Also, Edmund. He starts off as a Jerkass in The Lion, the Witch, and the Wardrobe, but slowly becomes less selfish as he's captured by the White Witch and realizes the damage he's caused. He ends up making a Heroic Sacrifice (of which he gets better) to break the Witch's wand (which turns the tide of battle in the favor of Peter's army, since it keeps the Witch from turning their soldiers to stone). In Prince Caspian, he is the only one of the siblings who remembers that Lucy's Cassandra Truth about the magical land in the wardrobe was right, and thus knows she's probably right about the other stuff she claims and does whatever he can to support her.
Happens a lot in the Chalet School series. Girls who start off as bitchy, sulky or standoffish will often come to learn the error of their ways and become nicer people after being introduced to the ways of the school, or getting a good ticking-off from one of the mistresses. And if that doesn't work, there's always a handy accident; for instance, Eustacia Benson injures her back after running away from the school, is confined to a wheelchair for some time and becomes a much nicer person.
Peter Pan in Scarlet takes it for granted that Slightly, formerly a condescending, cowardly little snob, grew up to be kind, sensitive and "as gentle as a lamb". Of course, the original novel and the various drafts of the play implied that Slightly had his ego brought down to size after the boys left Neverland, and in Peter Pan in Scarlethe's recently been widowed, so suffering probably sweetened him a little.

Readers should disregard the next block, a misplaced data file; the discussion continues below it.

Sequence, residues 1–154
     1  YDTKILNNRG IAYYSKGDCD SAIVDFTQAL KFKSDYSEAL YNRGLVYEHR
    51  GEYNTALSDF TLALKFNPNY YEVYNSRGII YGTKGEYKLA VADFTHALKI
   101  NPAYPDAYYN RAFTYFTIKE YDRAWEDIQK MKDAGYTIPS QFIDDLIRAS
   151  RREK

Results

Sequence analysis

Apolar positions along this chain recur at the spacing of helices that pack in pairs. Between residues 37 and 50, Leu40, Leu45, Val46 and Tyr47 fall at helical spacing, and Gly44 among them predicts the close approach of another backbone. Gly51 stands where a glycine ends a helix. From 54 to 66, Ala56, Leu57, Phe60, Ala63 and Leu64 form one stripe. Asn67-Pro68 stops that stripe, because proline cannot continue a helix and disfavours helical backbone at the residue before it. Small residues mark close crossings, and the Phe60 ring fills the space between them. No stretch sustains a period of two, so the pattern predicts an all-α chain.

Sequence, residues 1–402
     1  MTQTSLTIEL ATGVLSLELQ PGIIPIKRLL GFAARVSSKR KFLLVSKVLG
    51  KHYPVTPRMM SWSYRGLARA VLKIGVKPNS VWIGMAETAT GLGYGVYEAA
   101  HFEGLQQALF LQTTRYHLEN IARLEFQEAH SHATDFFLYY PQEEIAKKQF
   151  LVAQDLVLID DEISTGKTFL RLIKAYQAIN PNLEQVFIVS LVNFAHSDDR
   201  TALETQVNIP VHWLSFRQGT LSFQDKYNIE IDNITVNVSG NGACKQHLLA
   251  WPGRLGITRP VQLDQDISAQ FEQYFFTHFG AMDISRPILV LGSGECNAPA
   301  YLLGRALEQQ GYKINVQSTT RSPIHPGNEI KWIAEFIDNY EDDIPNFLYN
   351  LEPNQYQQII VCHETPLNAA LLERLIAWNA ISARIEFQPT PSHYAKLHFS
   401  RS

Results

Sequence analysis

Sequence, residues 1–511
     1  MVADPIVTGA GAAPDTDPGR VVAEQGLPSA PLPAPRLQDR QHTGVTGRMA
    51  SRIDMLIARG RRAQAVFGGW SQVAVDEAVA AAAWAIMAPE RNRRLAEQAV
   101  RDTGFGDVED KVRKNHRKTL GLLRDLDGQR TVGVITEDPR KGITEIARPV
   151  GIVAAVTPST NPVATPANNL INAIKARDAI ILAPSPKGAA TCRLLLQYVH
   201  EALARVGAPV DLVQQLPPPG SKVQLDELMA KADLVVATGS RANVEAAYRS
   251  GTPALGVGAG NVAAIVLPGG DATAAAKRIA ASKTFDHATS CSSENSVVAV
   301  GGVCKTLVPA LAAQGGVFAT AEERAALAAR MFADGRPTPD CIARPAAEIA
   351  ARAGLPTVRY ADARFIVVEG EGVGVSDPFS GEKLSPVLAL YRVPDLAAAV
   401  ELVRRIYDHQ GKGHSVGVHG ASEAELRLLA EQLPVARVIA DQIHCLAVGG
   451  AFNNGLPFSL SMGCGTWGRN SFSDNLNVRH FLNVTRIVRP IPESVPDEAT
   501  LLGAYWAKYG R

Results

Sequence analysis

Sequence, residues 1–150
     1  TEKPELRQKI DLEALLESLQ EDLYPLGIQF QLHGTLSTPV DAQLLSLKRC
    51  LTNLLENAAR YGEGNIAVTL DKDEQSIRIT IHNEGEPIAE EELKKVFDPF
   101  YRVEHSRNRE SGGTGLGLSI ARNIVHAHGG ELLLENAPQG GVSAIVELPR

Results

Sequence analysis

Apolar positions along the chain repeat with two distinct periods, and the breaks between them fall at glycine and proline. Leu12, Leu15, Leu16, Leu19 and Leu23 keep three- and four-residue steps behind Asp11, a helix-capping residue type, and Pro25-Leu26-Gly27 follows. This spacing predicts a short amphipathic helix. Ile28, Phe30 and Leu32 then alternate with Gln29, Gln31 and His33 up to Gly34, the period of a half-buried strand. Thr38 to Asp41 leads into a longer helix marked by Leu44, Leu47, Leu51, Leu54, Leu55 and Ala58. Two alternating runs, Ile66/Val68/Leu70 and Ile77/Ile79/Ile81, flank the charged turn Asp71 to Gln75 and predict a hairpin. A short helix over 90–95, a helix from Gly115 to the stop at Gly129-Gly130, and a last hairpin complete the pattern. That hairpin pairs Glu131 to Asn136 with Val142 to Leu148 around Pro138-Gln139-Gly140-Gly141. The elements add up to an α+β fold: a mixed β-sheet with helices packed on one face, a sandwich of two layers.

James Potter started out as The Bully and then eventually became Head Boy in his seventh year. This alone can't signify redemption - Percy was Head Boy, and he disowned his family two years later - but he then marries and dies for Lily Evans.
Granted we know little about his and Lily's past, so calling him The Bully is a stretch.
There's also Dudley Dursley. He spends the first five books growing up to be a spoiled bully who led a gang of delinquents and beat up other children. After Harry saves him from a Dementor, he makes several honest (if awkward) gestures of friendship, including leaving a cup of tea for Harry and saying that he doesn't think Harry is worthless.
Matteo in Someone Else's War, who goes from a snobby, condescending brat to a loving young man who will risk his life and compromise his ideals if it means saving his friends.
The title character of Artemis Fowl gradually does this over the course of The Arctic Incident, The Eternity Code, briefly reverting because of a mind wipe, and finishing the transformation in The Opal Deception.
From Michael Grant's cult-followed GONE series, Diana Ladris starts out a manipulative, lying, apathetic sociopath, and slowly moulds into the token good teammate of Caines team and eventually does a heel face turn and joins the protagonists in FEAR it doesn't last long. Only took her five 600-page books, too.
Blackstar also, believe it or not. While Onestar becomes more of a jerk as the series goes on, Blackstar (a gruff battle-scarred cat) becomes something like an old kindly veteran who still has a gruff side.
Taran, of the Chronicles of Prydain, goes through several levels of kindness, thanks to massive amounts of Character Development. In the first book, he's a whiny Designated Hero who gets into trouble, is rude to Gurgi and Eilonwy because they annoy him, and tries to attack Flewdry Flam with a sword simply because he was expecting someone else to be waiting for him. By the end of the series, he has become far more patient and kind, proving himself to be worthy of the title of High King.